Therefore it is important to expose the child to experiences that allow her to practice again and again on movements that develop these core skills.
Strike a balance
There are two types of balances to consider – the static and the dynamic. Both are critical and important skills. They teach a child to balance while it is in motion and when the body is at a standstill. These skills might seem obvious to an adult, but they are not to a child. Infants and children learn to distinguish between the two only through experience and constant practice.
Point to note: Always practice balancing activities on a flat floor and in bare feet. Put away all sharp objects and remember to pad the edges of furniture. Make the surroundings safe for the baby and conducive to learning.
Strengthening the feet
An infant requires her legs and feet to be strong to maintain a steady balance. Make sure all strength building activities are easy, fun and can be practiced individually.
Once your child is able to stand and move about on her own, show your child how to walk on different parts of her feet – heels, toes, both indoors and outdoors. Also practice walking along a straight line on the floor, and do this using your heels and toes and keep changing directions.
Sit down on the floor with your toes pointing straight up and then move them up and down. Make circles by rotating your ankles, anti-clockwise first and then clockwise. This movement brings flexibility and strengthens the foot.
Remember to make all these activities interesting and engaging. For instance, show your child how to pick up a rubber band or a pencil or any other object off the floor, using only the toes. This is particularly compelling and involving.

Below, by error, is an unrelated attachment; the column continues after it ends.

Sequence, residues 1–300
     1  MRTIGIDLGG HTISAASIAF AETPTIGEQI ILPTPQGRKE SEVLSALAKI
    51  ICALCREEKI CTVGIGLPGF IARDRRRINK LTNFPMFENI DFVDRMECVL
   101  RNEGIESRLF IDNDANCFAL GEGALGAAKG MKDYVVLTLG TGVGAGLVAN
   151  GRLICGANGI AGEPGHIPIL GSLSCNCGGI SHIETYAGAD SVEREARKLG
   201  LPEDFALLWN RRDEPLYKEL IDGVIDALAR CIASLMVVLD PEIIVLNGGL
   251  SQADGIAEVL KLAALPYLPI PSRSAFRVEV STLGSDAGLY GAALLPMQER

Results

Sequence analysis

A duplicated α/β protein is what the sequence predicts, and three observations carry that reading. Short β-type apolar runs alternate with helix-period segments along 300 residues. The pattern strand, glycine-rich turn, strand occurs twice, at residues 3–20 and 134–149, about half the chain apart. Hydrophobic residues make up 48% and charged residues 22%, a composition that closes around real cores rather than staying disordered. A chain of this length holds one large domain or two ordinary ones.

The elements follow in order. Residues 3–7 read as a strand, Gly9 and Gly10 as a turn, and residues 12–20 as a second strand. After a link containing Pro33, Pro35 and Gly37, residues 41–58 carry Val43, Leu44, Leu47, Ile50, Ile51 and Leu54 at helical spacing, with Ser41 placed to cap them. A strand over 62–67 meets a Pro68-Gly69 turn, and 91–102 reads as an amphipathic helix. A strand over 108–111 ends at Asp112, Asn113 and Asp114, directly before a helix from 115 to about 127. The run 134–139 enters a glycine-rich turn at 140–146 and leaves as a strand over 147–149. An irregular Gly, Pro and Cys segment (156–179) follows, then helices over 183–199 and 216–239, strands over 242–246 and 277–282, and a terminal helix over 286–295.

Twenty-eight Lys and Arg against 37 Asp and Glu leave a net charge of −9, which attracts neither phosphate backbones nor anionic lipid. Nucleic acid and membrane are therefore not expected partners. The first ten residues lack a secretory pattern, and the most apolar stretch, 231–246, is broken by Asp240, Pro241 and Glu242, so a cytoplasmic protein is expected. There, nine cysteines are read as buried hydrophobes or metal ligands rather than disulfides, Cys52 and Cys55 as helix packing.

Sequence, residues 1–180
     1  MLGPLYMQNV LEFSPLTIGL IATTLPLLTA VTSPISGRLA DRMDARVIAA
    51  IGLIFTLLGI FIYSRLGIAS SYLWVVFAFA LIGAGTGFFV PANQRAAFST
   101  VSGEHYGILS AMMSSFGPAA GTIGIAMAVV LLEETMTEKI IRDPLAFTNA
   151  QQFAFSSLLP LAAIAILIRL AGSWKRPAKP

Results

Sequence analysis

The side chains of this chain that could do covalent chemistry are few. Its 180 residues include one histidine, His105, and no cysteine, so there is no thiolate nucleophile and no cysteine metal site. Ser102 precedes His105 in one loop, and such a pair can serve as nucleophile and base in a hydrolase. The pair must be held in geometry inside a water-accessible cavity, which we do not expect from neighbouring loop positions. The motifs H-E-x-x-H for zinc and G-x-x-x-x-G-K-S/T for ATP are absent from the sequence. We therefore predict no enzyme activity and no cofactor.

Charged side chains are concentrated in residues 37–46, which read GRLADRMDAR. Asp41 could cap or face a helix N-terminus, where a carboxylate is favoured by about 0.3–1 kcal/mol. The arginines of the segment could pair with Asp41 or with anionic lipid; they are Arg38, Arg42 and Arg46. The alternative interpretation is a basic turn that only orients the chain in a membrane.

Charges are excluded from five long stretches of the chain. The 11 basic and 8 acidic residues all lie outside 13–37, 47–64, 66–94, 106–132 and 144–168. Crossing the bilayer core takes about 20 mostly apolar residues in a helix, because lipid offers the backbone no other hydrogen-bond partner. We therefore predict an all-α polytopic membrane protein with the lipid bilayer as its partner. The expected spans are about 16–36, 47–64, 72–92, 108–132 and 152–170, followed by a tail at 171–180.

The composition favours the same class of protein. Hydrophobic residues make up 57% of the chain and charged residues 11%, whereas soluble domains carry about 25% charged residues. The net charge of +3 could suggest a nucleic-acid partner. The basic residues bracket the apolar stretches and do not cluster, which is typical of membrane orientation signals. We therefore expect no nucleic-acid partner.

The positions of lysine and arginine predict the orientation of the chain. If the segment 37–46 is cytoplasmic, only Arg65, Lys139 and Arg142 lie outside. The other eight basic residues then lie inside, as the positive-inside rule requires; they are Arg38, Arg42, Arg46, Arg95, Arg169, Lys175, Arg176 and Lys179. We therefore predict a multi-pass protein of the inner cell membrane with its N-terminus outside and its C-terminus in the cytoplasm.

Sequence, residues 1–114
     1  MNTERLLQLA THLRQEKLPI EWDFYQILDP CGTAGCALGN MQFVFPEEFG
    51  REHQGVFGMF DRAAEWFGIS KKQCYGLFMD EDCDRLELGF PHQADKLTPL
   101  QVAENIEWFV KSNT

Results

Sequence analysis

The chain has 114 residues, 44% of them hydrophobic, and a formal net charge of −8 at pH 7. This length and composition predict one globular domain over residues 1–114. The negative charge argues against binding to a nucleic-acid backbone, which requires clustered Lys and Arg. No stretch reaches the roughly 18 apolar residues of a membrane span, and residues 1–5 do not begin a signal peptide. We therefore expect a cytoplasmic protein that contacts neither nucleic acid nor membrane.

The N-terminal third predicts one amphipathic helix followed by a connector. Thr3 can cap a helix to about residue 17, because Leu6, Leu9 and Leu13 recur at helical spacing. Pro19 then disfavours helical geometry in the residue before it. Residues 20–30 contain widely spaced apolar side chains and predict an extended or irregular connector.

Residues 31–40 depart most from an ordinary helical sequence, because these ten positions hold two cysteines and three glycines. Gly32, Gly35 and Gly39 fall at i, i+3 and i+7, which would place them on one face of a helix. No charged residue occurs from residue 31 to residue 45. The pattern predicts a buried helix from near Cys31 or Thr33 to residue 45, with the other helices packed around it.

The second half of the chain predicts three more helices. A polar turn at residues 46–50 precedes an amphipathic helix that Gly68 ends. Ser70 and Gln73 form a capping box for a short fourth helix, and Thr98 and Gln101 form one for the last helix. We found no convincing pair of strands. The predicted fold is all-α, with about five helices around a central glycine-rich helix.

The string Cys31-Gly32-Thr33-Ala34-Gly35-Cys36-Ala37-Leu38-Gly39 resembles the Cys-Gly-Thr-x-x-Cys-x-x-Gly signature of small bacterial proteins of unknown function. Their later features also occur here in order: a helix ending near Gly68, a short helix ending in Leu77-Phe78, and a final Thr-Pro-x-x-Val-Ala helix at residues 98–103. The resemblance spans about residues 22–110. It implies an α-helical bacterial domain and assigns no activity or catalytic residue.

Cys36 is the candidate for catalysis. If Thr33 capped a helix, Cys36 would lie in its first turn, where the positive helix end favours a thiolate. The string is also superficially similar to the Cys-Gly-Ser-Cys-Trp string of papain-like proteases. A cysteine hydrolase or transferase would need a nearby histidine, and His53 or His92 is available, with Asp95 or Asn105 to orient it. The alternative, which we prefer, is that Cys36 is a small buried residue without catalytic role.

You can also think of stamping your feet on the flooring, while marching up and down with your child in tow. Avoid stamping hard on the floor. Do it gently. It helps build rhythm and maintain balance while in motion.
Standing still on one leg
Children love imitating their parents, so you can leverage this to teach your child how to stand on one leg. This activity can be made into an interesting routine when you show your child can do it on her own.
Show your child how she can stand between two chairs and lift one leg up. Show her how she can maintain her balance by holding onto the back of the chair and then letting it go. Make this exercise interesting and engaging by telling the story of how a stroke learns to balance on one foot. Make it up.
Then make your child stand between two chairs, hold onto one chair with one hand, and slowly lift her leg up, and assume the ‘stork’ position. Encourage your child to hold a still posture for a couple of seconds at a time.
During the initial stages of the “standing on one leg” exercise, alternate the legs. This will ensure that your child learns to balance steadily, on any leg. As you make progress, get your child to balance on one leg and hold the stroke position for 5 seconds at a stretch. Once she feels confident, ask your child to maintain the stroke position without using the chair.
When to start developing motor skills?
A newborn begins developing core motor skills as soon as it can start moving. Hence, you and your child can begin practicing on acquiring both gross and fine motor skills, right after birth and practice every day.
However, infants and toddlers may need extra stimulation to work on acquiring specific motor skills. Which is why it is important for both the parents to actively participate in the skills acquisition process.
A huge part of a baby's development and learning happens through play.
Using a variety of play items with different textures, colours, sounds, and patterns is the best way to stimulate and engage a child. Look around, you are bound to find handy things you can experiment with.
More importantly, playing together, and learning together increases the quality of time that you spend with the baby. By being around longer, parents remain within the baby’s field of vision. And proximity encourages bonding and builds trust.
About My Gym
Working on developing gross and fine motor skills is among the most important tasks you and your child can indulge in. My Gym will show you how you can go about doing that through a step by step process. Give us a call or email. Participate in a trial session and get a hands-on introduction to gross and fine motor skills and tips you can follow at home. Prepare your child to face kindergarten with confidence.